The nature of Apple’s new iCloud service, announced at WWDC, is perhaps more interesting than it seems. It hints very firmly at the company’s longer-term strategy; a strategy that doesn’t involve the web.
Apple will join Google and Amazon as a major player in cloud computing. The 200 million iTunes users Apple brings with them puts the company on the same level as those other platforms. Despite that, the three companies obviously see the cloud in very different ways, and as a result have very different strategies.
Amazon is the odd man out. Their cloud offering is bare metal, contrasting sharply with Google, and now Apple’s, document-based model. To be fair, Amazon’s target market is very different, with their focus on service providers. If you’re a Valley start-up looking for storage and servers, you need look no further than Amazon’s Web Services platform.
Google and Apple’s document model contrasts sharply with Amazon’s service-stack approach. Both Google and Apple have attempted to abstract away things, like the file system, which stand between the end user and their data. An unsurprising difference perhaps, Google and Apple are consumer-facing companies that are marketing to the final end user rather than the people and companies who aim to provide services for those users.
But that’s where the similarity between Google and Apple breaks down. Google sees the cloud as a way to deprecate general purpose computers in the hands of their users. In the same way that their new Chromium OS is built for the web, their cloud strategy is an attempt to move Google’s users away from native applications so that their applications and data live in Google’s cloud of services. Perhaps coincidentally, this also gives Google the chance to display and target their advertising even more cleverly.
Apple’s approach is almost entirely the opposite. They see the cloud as a way to keep the general purpose computer on life support for a few more years until touch-based hardware is really ready to take over. Apple’s new cloud platform is built for native applications, in an attempt to pull users into native apps designed for their platforms. This method also gives Apple the chance to sell hardware, applications, and content that will lock users into their platform even more firmly. This is the basis of the often remarked “halo effect.”
At least on the surface things seem to be simple — the “why” of the thing is not in question. However it’s what hasn’t been said, at least openly, that raises the most interesting questions.
Apple is fundamentally platform orientated. It’s deep in their company genetics. The ill-fated official cloning program from the mid-’90s, which was brought to a screeching halt by the return of Steve Jobs, seems to have set a deep fear inside the company about letting someone else control anything that might stand between the company and direct access to their customers.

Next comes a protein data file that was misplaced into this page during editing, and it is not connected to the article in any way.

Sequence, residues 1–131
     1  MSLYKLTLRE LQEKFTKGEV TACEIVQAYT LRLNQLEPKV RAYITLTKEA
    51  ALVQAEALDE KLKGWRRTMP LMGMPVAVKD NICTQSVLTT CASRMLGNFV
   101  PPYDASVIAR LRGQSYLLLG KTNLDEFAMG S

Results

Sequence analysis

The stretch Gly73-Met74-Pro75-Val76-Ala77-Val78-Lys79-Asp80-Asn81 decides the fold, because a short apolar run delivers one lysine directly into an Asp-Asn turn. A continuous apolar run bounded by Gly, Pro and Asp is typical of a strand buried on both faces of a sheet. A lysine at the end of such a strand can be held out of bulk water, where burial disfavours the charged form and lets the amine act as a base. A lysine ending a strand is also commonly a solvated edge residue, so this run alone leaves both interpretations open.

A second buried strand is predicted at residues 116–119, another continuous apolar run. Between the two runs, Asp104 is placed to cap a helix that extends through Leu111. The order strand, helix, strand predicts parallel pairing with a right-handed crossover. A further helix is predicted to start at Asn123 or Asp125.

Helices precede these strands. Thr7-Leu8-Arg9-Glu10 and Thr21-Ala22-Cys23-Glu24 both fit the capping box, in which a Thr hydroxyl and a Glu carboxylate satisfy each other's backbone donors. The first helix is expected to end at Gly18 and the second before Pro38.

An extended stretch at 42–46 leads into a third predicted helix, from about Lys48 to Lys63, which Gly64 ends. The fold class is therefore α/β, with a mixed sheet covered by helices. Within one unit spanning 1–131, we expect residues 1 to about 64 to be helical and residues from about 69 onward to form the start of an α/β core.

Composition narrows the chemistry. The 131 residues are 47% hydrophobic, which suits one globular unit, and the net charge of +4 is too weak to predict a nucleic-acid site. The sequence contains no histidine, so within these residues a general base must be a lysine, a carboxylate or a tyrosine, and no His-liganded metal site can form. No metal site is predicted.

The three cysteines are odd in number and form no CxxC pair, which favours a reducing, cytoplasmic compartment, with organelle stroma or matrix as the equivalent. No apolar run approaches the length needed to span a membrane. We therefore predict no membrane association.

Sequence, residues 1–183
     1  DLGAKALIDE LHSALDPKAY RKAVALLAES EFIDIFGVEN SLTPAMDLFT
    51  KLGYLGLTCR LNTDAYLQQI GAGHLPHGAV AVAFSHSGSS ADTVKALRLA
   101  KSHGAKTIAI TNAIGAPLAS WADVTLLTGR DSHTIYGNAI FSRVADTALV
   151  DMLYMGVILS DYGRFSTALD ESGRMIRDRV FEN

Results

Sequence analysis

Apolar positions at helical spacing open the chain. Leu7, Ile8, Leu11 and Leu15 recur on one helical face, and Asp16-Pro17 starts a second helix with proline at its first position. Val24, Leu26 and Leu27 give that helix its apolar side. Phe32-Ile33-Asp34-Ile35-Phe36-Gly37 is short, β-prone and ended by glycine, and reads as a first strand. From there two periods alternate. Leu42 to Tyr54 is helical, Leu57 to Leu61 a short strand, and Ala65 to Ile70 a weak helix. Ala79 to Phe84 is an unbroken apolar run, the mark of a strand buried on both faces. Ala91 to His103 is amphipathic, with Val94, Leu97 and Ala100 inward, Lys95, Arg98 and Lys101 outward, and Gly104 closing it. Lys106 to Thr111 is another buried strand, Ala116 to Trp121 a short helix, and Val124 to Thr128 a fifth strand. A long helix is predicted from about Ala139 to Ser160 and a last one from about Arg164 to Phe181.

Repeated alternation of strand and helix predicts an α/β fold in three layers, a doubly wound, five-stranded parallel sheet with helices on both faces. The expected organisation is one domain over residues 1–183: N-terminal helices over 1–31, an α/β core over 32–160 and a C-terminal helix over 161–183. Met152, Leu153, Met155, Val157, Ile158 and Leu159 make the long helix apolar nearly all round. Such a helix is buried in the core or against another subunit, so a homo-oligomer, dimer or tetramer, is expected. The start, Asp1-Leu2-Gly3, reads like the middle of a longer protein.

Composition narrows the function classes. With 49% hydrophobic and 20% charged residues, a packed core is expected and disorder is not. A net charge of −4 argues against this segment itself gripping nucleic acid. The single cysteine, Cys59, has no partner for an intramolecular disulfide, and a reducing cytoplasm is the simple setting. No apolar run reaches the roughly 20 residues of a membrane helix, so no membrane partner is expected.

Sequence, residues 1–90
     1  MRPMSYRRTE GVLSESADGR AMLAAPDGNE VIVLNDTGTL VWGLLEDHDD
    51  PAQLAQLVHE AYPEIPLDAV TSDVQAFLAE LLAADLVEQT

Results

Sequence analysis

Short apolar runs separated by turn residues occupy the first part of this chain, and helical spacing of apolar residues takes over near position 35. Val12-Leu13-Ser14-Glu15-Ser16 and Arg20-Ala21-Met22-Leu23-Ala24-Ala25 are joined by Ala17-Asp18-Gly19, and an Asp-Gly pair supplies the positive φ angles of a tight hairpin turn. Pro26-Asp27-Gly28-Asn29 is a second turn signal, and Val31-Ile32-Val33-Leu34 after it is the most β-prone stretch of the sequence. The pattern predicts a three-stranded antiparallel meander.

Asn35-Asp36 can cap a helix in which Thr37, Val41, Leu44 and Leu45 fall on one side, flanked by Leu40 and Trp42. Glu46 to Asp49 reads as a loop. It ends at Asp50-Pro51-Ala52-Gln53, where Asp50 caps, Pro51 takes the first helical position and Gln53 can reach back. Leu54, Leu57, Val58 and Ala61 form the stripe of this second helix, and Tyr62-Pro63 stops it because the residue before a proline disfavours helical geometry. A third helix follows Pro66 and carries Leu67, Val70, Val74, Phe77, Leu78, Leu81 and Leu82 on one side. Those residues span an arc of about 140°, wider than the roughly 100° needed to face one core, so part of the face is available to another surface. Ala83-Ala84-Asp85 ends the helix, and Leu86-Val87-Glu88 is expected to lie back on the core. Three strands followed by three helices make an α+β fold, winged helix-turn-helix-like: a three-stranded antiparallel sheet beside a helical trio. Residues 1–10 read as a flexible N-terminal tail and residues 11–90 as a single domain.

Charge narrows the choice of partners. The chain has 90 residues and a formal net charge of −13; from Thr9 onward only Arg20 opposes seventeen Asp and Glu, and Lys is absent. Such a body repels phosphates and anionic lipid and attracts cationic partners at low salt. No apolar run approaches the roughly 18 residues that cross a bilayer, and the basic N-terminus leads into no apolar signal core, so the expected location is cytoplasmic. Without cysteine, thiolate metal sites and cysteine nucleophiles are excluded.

At least to me, nothing confirms that mindset more than Apple’s return to designing their own processors in-house in Cupertino. Apple has a long history of using its own custom silicon, but it’s been more than five years since Apple has done so. With the move to Intel, the hope was to delegate nearly all of Apple’s custom chip development. Unfortunately, that proved to be a stumbling block when Apple built the first generation iPhone. The Samsung H1 processor in the original model wasn’t quite what Apple wanted, even though it was what had been asked for, and I think the return to custom silicon probably brought a sigh of relief in some corners of the company.
The link between custom chips and the cloud may seem tenuous at first glance, but I think Apple’s return to designing their own silicon is telling. Almost as telling as spending half a billion dollars on a custom data center to support their new iCloud service. Both moves show the company is now committed more than ever to controlling the verticals. From the chips inside the devices to the data centers their customers’ data ultimately resides on, Apple is committed to controlling the user experience, and the web has no place in that.
You might argue that this is because the web is “too open” and that threatens Apple’s platform. However, the continuing argument over openness, or lack there of, isn’t really relevant. Despite Google’s protestations to the contrary, neither of these two companies is particularly open. The very document-based model they’re both advocating in their cloud architectures precludes a truly open system. It’s such an obvious straw man argument that it’s not actually that interesting.
What is interesting is that there was little or no mention of the web, or HTML5, during Apple’s
WWDC keynote. I think you’ll see far less emphasis on HTML5 from Apple in the future, unless someone asks to do something with Apple’s platform the company disapproves of, and then the traditional answer of “Well, you can
always do that in HTML5” will be rolled out again.
Apple has finally put their cards on the table. They have not yet bet the company on iCloud, but it’s telling how deep the integration into both iOS and OS X appears to be. They have for too much invested in iCloud for it to fail, if only in reputation. Whether the first incarnation lives up to its promises out of the box is still to be seen, but success isn’t out of the question. Despite MobileMe, Apple does know how to build large-scale reliable backend services. You only have to look at the App Store itself for an example.
So in the future don’t be too surprised to see Apple integrate iCloud even more tightly with both iOS and OS X. For the same strategic reasons, don’t be shocked to see more custom chips appear — I expect to see the arrival of ARM-based MacBooks and the transition away from Intel for Apple’s laptops. That’s because for Apple, It’s all about the platform.